Sorry, I disagree here, too. If the teacher is remotely interested in philology, or not a teenager, he/she would mark it as incorrect. The point is really that using were instead of was in the right construction is bound to be correct. Nobody in their right mind would mark it as incorrect, so why not use it anyway to be sure?
Perikles, you have understood the exact OPPOSITE of what I said. Yes, a teacher (who is probably just going to follow the rules after all) would mark if + I + was wrong.
Irmamar said
I'm not sure if my teachers would like if I wrote () in an exam 'was' instead of 'were'
And my reply was
No your teachers probably wouldn't....If in doubt, follow the grammatical rules.
Hope that's clear now
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  #36  
Old February 13, 2010, 04:19 AM
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Originally Posted by Here4good View Post
Perikles, you have understood the exact OPPOSITE of what I said.
You are quite correct, I misread your post entirely. Sorry. I agree with your argument - use the most correct language for an exam, even if you don't put it into practice afterwards. (Rather like a driving licence exam )
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  #37  
Old February 13, 2010, 04:55 AM
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Quote:
Originally Posted by Perikles View Post
You are quite correct, I misread your post entirely. Sorry. I agree with your argument - use the most correct language for an exam, even if you don't put it into practice afterwards. (Rather like a driving licence exam )
Uff, thank goodness we've got back on track!! I thought I'd written entirely the wrong message for a moment!!
PS I was going to say exactly the same thing about the driving exam in that post to irmamar, but thought that people might not know what I was getting at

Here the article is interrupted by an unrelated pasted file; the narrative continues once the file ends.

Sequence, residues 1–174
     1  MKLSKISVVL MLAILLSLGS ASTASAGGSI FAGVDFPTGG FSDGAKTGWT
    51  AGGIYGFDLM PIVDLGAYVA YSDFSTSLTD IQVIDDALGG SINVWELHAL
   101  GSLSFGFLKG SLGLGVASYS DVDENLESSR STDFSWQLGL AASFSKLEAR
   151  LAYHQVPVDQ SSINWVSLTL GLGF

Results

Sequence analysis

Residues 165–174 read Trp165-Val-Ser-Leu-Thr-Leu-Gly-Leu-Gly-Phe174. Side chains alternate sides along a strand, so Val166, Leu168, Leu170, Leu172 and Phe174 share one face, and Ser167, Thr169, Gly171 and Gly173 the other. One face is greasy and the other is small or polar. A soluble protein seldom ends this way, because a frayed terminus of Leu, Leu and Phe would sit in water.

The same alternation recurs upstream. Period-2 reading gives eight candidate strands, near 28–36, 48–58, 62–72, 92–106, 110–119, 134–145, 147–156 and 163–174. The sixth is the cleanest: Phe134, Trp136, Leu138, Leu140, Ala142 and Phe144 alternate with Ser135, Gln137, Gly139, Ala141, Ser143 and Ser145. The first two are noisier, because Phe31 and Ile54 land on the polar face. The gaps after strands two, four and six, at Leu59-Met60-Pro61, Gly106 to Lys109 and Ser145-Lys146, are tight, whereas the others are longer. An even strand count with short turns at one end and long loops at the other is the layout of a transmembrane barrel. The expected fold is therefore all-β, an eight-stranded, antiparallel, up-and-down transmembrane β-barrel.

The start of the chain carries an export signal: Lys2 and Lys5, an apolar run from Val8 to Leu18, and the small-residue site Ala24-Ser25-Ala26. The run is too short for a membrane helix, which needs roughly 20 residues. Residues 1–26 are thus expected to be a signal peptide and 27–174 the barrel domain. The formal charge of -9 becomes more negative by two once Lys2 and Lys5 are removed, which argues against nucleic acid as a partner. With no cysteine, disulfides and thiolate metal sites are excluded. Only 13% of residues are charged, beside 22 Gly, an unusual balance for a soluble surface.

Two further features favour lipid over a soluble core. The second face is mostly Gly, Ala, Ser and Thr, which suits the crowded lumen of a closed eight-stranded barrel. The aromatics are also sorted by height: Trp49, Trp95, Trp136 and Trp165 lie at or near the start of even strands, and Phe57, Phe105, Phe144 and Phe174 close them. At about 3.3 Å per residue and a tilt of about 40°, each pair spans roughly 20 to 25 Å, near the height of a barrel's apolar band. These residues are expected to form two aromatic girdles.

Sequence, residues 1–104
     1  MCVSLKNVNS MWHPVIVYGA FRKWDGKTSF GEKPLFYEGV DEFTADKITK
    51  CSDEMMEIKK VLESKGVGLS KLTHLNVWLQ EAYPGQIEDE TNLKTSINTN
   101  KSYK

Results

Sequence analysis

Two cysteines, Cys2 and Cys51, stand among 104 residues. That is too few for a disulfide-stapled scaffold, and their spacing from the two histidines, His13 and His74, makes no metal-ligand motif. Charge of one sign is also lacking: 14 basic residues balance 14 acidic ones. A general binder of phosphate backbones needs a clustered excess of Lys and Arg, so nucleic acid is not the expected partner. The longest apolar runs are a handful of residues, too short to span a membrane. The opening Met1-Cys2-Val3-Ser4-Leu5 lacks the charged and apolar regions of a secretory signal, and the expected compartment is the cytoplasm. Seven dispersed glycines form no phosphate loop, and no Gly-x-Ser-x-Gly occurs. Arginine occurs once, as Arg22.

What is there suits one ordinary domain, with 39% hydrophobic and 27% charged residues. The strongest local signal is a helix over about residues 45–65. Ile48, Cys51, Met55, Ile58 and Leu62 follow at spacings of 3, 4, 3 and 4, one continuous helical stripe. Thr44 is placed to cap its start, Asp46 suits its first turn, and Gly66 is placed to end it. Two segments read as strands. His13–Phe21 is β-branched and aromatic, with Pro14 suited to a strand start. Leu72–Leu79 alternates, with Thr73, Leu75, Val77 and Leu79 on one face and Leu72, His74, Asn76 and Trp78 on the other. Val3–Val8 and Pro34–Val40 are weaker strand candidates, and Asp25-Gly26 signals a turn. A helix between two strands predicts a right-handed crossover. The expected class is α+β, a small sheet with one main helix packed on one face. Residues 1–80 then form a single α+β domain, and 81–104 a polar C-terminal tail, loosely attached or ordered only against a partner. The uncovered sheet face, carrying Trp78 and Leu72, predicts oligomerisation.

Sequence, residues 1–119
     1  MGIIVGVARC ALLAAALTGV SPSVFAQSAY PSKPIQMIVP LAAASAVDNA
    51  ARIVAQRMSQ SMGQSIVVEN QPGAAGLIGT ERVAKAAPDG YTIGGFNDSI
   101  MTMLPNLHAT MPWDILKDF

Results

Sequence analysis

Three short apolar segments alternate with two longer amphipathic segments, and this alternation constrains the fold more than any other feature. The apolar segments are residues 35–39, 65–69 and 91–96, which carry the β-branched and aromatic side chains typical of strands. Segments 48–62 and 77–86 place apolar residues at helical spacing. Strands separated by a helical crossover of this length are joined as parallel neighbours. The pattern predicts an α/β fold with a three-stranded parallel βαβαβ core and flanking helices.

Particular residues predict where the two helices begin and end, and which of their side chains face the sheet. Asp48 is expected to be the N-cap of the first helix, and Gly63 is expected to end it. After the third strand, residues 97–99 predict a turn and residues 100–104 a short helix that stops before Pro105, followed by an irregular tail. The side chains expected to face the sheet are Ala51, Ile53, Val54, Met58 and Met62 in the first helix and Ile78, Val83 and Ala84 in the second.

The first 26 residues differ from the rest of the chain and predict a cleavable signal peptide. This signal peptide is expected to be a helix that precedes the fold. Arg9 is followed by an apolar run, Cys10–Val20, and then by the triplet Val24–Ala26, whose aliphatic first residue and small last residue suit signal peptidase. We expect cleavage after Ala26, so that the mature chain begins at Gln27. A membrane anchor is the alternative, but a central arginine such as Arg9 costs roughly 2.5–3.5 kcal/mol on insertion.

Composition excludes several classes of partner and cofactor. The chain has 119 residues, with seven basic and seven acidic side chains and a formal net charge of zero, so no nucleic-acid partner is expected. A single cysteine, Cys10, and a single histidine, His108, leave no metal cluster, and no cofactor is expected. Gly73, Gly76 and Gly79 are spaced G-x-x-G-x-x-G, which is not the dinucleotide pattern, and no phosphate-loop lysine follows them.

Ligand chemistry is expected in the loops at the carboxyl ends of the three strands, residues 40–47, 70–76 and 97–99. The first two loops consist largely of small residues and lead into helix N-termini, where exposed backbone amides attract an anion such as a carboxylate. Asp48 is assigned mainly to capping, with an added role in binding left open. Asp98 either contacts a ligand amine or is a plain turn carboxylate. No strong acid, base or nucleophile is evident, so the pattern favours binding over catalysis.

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  #38  
Old February 13, 2010, 10:31 AM
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Originally Posted by Perikles View Post
I can't speak for AmE, but this is simply incorrect for BrE. I don't have figures, but virtually all people I ever speak to can and do use a distinctive subjunctive form when appropriate.
That is refreshing to hear. I'm sorry I grouped the British with the Americans. I guess it depends upon which circles you frequent, but most Americans don't use the subjunctive.

Last edited by Rusty; February 13, 2010 at 10:35 AM.
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  #39  
Old February 13, 2010, 11:58 AM
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I guess the key thing here is to be able to recognize it, right?
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  #40  
Old February 13, 2010, 12:45 PM
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I guess the key thing here is to be able to recognize it, right?
Right.

Quote:
Originally Posted by Rusty View Post
That is refreshing to hear. I'm sorry I grouped the British with the Americans. I guess it depends upon which circles you frequent, but most Americans don't use the subjunctive.
The subjunctive can lurk almost invisibly, because quite few forms are identical to the indicative. There are however the following:

Long live the King (OK - political content here, ignore that)
Long live the Republic (hortative subjunctive)
May all your Chrismasses be white
The committee requests the president that he reconsider his decision (subjunctive)

Would that last one just not be correct in AmE ?